Understanding Polycystic Ovarian Syndrome (PCOS)

polycystic ovarian syndrome

Understanding Polycystic Ovarian Syndrome (PCOS)

Facial hair, irregular periods, and weight gain, oh my!

If you’re experiencing these and other symptoms of PCOS, you might be surprised to find that lifestyle changes can make a big difference in the severity of both the symptoms and complications you experience. Here’s everything you need to know.

Polycystic Ovarian Syndrome (PCOS) is an imbalance of the reproductive hormones affecting as many as 1 in 10 women during their reproductive years. PCOS can wreak havoc on your body, leading to infertility and other serious health problems.1

What is PCOS or Polycystic Ovarian Syndrome?

Women suffering from PCOS are experiencing an imbalance between three primary hormones: androgens (the male hormones), progesterone, and insulin. Because each of these hormones regulates different body processes, the imbalance can affect a multitude of functions and systems.

The onset of Polycystic Ovarian Syndrome typically hits sometime after puberty, but in many cases, women aren’t diagnosed with the syndrome until they’re in their 20s or 30s. In fact, many women don’t seek out diagnosis or treatment until they’re ready to start a family and begin to realize that conception is difficult. OBGYNs and fertility specialists most commonly diagnose PCOS.

What causes Polycystic Ovarian Syndrome?

As is the case with many conditions, the exact causes of Polycystic Ovarian Syndrome are unknown. What we do know is that certain factors seem to increase your risk of developing PCOS, including:

  • Inflammation. Women who have PCOS tend to show signs of low-grade inflammation throughout the body, which stimulates androgen production by polycystic ovaries.
  • Overproduction of insulin. Patients who produce excess insulin might experience increased production of androgen as well, inhibiting ovulation.
  • Too much androgen. Women who develop PCOS have increased androgen levels.
  • Heredity. Some research indicates a potential relationship between certain genes and the development of PCOS.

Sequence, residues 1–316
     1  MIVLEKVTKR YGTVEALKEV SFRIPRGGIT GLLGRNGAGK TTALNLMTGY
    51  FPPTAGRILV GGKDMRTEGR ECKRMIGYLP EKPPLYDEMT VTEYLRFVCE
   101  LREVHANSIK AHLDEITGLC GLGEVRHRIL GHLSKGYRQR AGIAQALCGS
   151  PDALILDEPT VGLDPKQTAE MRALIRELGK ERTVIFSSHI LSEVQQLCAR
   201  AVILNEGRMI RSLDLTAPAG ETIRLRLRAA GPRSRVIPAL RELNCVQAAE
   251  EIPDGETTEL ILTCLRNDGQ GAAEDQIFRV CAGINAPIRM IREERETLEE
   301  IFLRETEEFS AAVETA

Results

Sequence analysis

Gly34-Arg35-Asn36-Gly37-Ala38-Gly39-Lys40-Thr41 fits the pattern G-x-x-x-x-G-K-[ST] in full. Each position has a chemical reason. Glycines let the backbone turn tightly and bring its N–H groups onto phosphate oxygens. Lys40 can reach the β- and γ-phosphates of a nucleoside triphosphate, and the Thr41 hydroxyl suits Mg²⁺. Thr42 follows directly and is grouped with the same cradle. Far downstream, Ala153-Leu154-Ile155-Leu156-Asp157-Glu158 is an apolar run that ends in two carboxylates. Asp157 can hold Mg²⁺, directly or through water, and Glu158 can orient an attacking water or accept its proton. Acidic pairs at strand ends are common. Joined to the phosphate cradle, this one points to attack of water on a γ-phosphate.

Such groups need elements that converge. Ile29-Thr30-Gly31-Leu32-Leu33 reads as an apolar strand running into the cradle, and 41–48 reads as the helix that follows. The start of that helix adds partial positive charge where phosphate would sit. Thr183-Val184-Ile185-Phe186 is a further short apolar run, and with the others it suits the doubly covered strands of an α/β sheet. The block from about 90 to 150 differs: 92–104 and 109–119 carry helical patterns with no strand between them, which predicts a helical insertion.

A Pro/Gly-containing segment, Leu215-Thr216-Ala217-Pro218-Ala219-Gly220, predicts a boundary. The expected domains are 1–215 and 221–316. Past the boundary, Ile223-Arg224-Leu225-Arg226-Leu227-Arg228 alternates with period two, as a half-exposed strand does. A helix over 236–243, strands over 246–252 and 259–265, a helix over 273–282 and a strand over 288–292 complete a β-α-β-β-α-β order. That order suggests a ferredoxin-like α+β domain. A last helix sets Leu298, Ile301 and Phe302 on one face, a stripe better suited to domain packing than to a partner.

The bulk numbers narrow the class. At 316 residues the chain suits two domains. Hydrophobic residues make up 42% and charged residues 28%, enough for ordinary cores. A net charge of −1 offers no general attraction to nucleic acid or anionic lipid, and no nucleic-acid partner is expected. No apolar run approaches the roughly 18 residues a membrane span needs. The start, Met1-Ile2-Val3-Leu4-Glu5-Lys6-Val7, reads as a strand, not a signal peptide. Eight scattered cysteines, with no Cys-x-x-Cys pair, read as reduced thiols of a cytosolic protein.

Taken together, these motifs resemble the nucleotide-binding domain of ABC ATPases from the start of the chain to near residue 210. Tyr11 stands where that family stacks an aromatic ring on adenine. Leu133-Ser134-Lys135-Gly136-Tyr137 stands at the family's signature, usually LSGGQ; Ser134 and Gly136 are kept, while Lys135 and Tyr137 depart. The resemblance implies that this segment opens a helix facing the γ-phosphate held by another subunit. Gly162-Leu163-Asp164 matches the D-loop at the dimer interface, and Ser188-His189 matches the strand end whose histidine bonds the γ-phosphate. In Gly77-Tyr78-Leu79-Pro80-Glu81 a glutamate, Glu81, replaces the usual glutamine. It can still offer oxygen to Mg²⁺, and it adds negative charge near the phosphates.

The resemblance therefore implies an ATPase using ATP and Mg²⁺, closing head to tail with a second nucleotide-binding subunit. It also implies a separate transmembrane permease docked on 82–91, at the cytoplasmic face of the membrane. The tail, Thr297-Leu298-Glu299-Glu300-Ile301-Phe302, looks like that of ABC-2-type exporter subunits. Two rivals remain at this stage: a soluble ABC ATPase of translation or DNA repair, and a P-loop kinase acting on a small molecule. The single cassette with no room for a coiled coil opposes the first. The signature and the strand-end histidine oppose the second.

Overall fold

• Obesity. Many women with PCOS are overweight, and losing weight often helps reduce the symptoms which may indicate a relationship between weight and the development of PCOS.

What are the signs and symptoms of Polycystic Ovarian Syndrome?

It’s important to take a look at symptoms from two perspectives: women with PCOS will likely suffer from the symptoms of PCOS but may also suffer the symptoms of other, coexisting conditions related to PCOS such as diabetes, depression, or metabolic syndrome. For this reason, very few women are able to look at the list and say, “Check! That’s me!” Instead, you’ll find that you might have just one symptom or you might have all of these symptoms and then some seemingly unexplained issues that aren’t listed here but may still be related.

The most common symptoms of Polycystic Ovarian Syndrome include excessive hair growth including facial hair, irregular menstrual periods, weight gain, and acne.

What complications can occur as a result of PCOS?

Just like diabetes can lead to neuropathy, untreated Polycystic Ovarian Syndrome can lead to other health conditions that are serious or even life-threatening. Some of the conditions that sometimes occur secondary to PCOS are:

  • Gestational diabetes ,Type 2 diabetes, or prediabetes
  • Infertility, miscarriage, or premature birth
  • Abnormal uterine bleeding or endometrial cancer